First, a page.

I am honoured that Jennifer Mizrahi has asked me to write from Great Britain, where I have lived as an expatriate American for forty-five years, about being Jewish and battling stage 4 breast and lymph node cancer during Covid. I am delighted to share some of my story with you. In a future installment, I will examine the ‘dynamic’ of being disabled, fighting cancer and secular Jewish generosity in the COVID-dominated world.
When I first arrived in the UK in 1976 it was a rude awakening. I had been raised in a Reform tradition, attending Rodeph Shalom in Philadelphia. Although we celebrated Pesach, lit Chanukah candles and commemorated Rosh Hashanah and Yom Kippur, we did not keep kosher. My mother DID have weekly deliveries from a kosher butcher but we were far from traditional Ashkenazi orthodox. I also consider Sunday morning lox, bagels, whitefish, chub and all the trimmings part of growing up Jewish but as of today I have yet to experience this tradition in England. Yes, of course, I am single and the Sunday brunch is a family affair but on the very rare occasions in which I have been invited to an Anglo-Jewish home on a Sunday this feast has never unfolded.
Oddly enough my mother instructed me upon my arrival in London as a graduate student to “find a Jewish family and get to know them. Eat with them. Have yomtov with them. As you are now so much closer in geographical terms, VISIT ISRAEL.”
The first thing I did was to go to Charing Cross Road and stop by one of its famous bookstores. I asked the young salesman for the section on Israel. He glared at me and bellowed, “YOU MEAN OCCUPIED PALESTINE.” He directed me to the shelf labelled Palestine and I did find a guidebook about Israel but that was my very first experience with the British animosity towards the Jewish State – their former colony which through decades here I have been told over and over again is ‘illegal’ and was ‘founded by terrorists.’
The second thing I did when I arrived in 1976 was attend a Shabbat service in central London. It was my first time in twenty-two years sitting upstairs in a shul. The women were reasonably attentive and polite but I so wanted to sit downstairs and listen to the sermon. Sure enough, at Kiddush a sweet lady, Mrs. Stern, invited me to her home for Friday night dinner. The following Erev Shabbat, there I was sitting at her table with her large family and what did I do? I told them my grandma Rose and I were expert at picking out the best LOBSTER at the Manayunk seafood market in Philadelphia! You can imagine the deathly silence at the Stern family table. I really did not know what I had said that had caused their state of shock. The rest of the dinner was torture; when I did open my mouth there was a collective look of horror, as they obviously expected me to come out with yet another bombshell.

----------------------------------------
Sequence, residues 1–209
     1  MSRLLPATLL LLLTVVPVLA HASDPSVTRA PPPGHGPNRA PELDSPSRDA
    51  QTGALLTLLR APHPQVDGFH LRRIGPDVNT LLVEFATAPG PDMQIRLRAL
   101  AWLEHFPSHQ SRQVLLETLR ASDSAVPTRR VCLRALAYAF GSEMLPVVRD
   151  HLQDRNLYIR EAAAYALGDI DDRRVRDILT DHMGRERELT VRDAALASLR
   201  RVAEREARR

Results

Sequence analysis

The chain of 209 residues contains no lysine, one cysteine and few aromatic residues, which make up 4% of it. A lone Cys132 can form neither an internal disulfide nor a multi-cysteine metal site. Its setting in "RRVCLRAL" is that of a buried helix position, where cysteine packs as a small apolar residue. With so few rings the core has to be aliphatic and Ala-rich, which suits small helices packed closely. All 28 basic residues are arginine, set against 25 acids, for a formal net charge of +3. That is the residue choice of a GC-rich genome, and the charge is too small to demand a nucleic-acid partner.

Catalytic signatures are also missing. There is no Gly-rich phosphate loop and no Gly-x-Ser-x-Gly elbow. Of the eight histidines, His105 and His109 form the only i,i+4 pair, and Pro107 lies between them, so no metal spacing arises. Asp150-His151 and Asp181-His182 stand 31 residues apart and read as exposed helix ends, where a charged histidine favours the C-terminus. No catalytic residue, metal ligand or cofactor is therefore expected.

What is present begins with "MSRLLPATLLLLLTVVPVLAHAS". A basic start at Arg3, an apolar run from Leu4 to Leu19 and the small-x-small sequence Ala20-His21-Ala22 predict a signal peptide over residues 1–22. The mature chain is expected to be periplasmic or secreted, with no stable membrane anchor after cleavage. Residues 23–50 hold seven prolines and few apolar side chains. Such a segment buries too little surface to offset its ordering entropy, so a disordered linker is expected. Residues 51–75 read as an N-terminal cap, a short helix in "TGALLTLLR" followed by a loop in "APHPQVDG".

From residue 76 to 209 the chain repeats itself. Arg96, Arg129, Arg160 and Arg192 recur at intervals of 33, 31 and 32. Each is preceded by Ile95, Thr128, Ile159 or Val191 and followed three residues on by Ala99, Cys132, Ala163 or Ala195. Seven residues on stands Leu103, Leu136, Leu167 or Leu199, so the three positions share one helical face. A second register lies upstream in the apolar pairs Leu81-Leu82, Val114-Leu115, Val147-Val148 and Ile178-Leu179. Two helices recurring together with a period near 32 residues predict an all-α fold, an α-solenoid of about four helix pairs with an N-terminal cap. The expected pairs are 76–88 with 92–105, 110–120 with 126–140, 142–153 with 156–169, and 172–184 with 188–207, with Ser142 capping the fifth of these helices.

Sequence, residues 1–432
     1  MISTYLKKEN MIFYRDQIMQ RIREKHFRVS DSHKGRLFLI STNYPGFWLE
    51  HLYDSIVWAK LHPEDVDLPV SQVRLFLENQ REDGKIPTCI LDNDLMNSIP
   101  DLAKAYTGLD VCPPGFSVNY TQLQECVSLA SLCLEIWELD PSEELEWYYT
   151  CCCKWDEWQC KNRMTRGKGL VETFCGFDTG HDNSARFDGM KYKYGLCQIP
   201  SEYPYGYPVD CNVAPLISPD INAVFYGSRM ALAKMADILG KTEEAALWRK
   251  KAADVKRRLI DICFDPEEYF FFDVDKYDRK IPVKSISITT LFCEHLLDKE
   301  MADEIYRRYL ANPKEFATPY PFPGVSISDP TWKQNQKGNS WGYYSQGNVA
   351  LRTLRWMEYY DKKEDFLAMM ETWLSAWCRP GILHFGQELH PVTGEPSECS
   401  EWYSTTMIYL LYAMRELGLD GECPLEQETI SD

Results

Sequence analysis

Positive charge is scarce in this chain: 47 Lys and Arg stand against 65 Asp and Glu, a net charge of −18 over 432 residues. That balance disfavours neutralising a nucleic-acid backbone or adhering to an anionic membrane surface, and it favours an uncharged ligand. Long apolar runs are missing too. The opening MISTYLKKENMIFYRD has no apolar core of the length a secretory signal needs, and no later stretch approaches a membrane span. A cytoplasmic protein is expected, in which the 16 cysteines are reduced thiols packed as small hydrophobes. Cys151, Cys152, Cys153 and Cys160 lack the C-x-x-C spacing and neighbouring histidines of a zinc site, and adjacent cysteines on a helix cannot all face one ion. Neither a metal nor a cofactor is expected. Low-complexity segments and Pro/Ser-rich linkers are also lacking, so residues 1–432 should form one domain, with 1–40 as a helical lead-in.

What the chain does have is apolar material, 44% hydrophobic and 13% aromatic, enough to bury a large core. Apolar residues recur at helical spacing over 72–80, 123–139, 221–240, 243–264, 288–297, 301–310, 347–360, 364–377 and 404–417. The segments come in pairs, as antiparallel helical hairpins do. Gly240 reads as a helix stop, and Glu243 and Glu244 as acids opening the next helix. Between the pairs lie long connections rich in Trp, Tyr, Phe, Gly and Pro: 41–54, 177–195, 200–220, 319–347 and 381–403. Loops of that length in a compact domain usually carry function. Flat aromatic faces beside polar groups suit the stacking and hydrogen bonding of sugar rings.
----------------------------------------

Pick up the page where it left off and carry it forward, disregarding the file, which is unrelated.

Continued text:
Flash forward to 1991, when after a series of bereavements I was encouraged by Naomi Gryn, an old friend in the television industry and daughter of Rabbi Hugo Gryn, to join a community. I joined the Liberal Jewish Synagogue. Over the intervening thirty years I did not really ‘find a home’ in any shul and indeed joined and left three different ones. What I found most disconcerting was the feeling of exclusion as a single woman. (When I was an executive with ITV Drama our Russian-born casting director, Jenia Reissar, herself what in those days was known as a ‘spinster,’ warned me “You will never be accepted in this country for three reasons: you are foreign – American – Jewish and a single woman.”)
I re-joined the Liberal Jewish Synagogue three years ago as it was beginning to hold events for single members and an annual LGBT chavurah dinner. I had had a bad fall in 2014 that to this day has rendered me disabled in my right arm and shoulder. Six months after that came a heart attack. In 2016 after six and a half years’ remission breast cancer returned, stage 4. Over four years of chemotherapy at the Royal Marsden and in a year of COVID-imposed isolation (I often joke that chemo is “blessed human contact”) I have never felt the synagogue community has gone out of its way to offer me a Friday night dinner, an outing in a car or a visit. One of the biggest problems a single person of modest means has with the modern community is their affluence. We have done well as a people but sometimes forget those left behind. It is on this that I will focus in my next piece.
Carol Gould is a native of Philadelphia and a Phi Beta Kappa 1976 graduate of Temple University. She has lived in Britain for forty-five years as a network television drama executive and BBC, Sky News and LBC political commentator. She commissioned many ITV UK plays and series for ‘Masterpiece Theater’ and ‘Mystery’ including ‘Cause Celebre’ by Terence Rattigan, starring Helen Mirren and David Suchet and six PD James thrillers. She is the author of ‘Spitfire Girls,’ about the women pilots of World War 2, and ‘Don’t tread on me – anti-Americanism Abroad’ about anti-Semitism and US-hatred. She has written for the Telegraph, Guardian, Jewish Chronicle and Forward. In 2020 she was inducted into the Court of Distinguished Daughters of Philadelphia High School for Girls; fellow recipients have included Gloria Allred; Helene Hanff and Bishop Barbara Harris.